The Formation of Particulate Matter During the Combustion of Different Fuels and Air Temperatures

  • Nikola KantováEmail author
  • Radovan Nosek
  • Michal Holubčík
  • Jozef Jandačka
Conference paper
Part of the Springer Proceedings in Energy book series (SPE)


Particulate matter (PM) belongs to significant pollutants threatening human health. Therefore, it is important to pay attention on these solid emissions. Several factors, such as type of fuel, quantity and temperature of the combustion air, operation conditions and design of heat source etc., influence on their formation. The aim of this work is investigation of fuel type and various inlet air temperatures on PM formation. The above mentioned parameters were measured in wood stove. In the first stage of the research, there were measured following fuels: beech, spruce wood, birch with bark and birch without bark. The results show that higher PM concentrations were measured during the combustion of birch with bark. The outcome of these analyses is the negative effect of bark on PM formation. In the second stage, there was investigated the effect of different combustion air temperatures on PM formation. Based on the measured results, it can be concluded, that temperature of combustion air has not influence on PM concentration, but it has influence on heat power.


Particulate matter Fuels Combustion Air temperature 



This work has been supported by the project KEGA 046ŽU-4/2016 “Unconventional systems using renewable energy”.


  1. 1.
    Nigusie, K.G.: Reduction of fine particle and deposit forming alkali by co-combustion of peat with wood pellets in 150 kWth grate firing boiler. [online]. Masterˈs thesisGoogle Scholar
  2. 2.
    Guan, L., Harvel, G., Parl, S., Chang, J.S.: Dust flow separator type electrostatic precipitator for a particulate matter emission control from natural gas combution. [online]Google Scholar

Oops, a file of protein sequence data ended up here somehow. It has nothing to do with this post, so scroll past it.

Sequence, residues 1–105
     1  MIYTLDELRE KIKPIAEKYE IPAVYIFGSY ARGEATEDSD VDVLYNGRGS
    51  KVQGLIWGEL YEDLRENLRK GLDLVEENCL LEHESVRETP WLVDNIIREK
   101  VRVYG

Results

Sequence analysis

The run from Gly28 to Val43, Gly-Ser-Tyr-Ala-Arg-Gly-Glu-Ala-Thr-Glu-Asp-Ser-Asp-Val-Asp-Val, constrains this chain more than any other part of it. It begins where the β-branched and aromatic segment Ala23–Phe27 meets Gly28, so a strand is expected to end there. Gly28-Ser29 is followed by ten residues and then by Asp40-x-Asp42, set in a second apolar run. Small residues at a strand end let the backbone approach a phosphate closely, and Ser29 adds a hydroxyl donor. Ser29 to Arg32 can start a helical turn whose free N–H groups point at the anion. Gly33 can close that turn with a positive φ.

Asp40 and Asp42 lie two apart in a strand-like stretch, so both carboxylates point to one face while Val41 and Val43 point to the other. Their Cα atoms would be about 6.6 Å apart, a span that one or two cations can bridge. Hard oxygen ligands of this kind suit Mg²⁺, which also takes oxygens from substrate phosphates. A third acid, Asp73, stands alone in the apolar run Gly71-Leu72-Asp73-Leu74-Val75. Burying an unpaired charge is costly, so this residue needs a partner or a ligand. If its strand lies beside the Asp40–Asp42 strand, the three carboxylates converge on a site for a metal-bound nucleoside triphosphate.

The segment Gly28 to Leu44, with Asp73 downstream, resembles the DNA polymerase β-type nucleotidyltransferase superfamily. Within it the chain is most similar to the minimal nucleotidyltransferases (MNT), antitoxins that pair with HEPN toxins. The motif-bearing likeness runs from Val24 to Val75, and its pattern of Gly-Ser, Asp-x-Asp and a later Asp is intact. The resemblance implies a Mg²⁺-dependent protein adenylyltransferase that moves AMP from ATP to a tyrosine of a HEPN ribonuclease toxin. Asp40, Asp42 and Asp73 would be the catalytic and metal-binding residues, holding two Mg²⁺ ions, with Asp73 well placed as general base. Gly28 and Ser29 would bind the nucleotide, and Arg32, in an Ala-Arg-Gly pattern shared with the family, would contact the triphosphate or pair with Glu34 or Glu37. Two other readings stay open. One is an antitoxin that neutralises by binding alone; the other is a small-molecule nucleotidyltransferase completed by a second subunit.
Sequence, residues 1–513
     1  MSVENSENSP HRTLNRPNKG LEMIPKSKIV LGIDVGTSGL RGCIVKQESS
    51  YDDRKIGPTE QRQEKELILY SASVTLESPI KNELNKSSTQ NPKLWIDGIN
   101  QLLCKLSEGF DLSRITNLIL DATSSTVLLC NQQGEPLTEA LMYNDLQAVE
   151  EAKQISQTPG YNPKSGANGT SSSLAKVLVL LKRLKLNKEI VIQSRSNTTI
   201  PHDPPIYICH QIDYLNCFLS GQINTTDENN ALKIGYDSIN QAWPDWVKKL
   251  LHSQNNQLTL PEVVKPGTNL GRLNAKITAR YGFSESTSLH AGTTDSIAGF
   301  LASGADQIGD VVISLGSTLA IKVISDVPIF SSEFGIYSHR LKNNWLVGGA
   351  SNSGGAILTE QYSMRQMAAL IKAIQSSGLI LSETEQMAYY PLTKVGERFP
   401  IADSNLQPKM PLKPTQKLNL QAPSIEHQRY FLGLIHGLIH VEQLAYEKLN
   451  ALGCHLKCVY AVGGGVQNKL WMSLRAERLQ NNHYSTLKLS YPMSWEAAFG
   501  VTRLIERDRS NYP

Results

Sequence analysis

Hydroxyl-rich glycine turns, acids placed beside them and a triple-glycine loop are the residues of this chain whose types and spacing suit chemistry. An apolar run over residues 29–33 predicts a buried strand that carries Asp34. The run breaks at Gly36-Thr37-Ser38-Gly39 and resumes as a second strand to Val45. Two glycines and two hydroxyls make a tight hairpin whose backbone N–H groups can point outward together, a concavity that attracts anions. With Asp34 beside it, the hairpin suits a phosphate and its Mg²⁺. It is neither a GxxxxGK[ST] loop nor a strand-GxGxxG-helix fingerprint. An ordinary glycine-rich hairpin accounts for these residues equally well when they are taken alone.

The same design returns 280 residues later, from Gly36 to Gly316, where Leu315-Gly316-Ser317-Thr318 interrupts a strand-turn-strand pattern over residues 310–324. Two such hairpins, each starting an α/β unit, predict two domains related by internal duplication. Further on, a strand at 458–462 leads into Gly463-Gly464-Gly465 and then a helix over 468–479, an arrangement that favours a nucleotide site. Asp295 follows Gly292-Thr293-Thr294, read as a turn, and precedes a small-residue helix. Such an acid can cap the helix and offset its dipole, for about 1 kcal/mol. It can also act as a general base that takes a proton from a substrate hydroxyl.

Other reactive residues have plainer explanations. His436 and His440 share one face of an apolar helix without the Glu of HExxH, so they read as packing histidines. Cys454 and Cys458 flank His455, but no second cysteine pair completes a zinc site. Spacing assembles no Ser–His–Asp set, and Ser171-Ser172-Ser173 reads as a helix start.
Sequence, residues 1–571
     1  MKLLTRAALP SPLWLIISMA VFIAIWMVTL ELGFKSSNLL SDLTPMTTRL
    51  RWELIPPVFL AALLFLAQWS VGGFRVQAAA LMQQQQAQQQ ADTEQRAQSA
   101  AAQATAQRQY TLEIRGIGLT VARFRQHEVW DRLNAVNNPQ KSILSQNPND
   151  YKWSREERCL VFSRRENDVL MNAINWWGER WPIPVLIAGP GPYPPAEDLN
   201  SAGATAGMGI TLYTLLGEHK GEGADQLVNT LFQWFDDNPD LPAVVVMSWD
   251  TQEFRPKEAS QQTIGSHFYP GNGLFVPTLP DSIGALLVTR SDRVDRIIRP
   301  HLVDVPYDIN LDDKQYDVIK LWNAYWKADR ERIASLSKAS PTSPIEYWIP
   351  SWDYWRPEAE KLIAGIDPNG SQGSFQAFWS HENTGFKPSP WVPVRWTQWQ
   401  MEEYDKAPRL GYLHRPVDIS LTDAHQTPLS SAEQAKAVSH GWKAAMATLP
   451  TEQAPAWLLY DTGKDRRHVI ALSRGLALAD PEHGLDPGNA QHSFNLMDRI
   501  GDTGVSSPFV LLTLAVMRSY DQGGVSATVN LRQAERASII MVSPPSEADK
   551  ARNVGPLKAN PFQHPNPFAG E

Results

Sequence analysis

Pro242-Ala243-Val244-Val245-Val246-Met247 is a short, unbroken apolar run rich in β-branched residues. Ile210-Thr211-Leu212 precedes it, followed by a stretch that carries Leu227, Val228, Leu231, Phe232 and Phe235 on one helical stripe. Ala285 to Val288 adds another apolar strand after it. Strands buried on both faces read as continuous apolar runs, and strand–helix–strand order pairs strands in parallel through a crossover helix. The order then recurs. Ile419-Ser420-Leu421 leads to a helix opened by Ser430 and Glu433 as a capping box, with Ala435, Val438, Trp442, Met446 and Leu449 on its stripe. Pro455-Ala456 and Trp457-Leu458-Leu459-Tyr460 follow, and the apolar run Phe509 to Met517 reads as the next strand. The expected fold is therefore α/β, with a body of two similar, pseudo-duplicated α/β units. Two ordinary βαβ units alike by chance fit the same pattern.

3. 3.
    Tissari, J.: Fine particle emissions from residential wood combustion. [online]. Doctoral dissertation (2008)Google Scholar
  4. 4.
    Vantúch, M., Jandačka, J., Čaja, A.: Emission production from the incineration of municipal waste and coal in heat sources for solid fuel. Appl. Mech. Mater. 832, 18–22 (2016)CrossRefGoogle Scholar
  5. 5.
    Johansson, L.S., Tullin, C., Leckner, B., Sjovall, P.: Particle emissions from biomass combustion in small combustors. [online]. Biomass Bioenerg. 25(4), 435–446 (2003)CrossRefGoogle Scholar
  6. 6.
    Van Loo, S., Koppejan, J. (eds.): Handbook of biomass combustion and co-firing. Twenty University Press, Enchede (2008)Google Scholar
  7. 7.
    Koziriski, J.A., Saade, R.: Effect of biomass burning on the formation of soot particles and heavy hydrocarbons. An experimental study. [online]. Fuel 77(4), 225–237 (1998)CrossRefGoogle Scholar

Copyright information

© Springer International Publishing AG 2018

Authors and Affiliations

  • Nikola Kantová
    • 1
    Email author
  • Radovan Nosek
    • 1
  • Michal Holubčík
    • 1
  • Jozef Jandačka
    • 1
  1. 1.Faculty of Mechanical Engineering, Department of Power EngineeringUniversity of ŽilinaŽilinaSlovakia

Personalised recommendations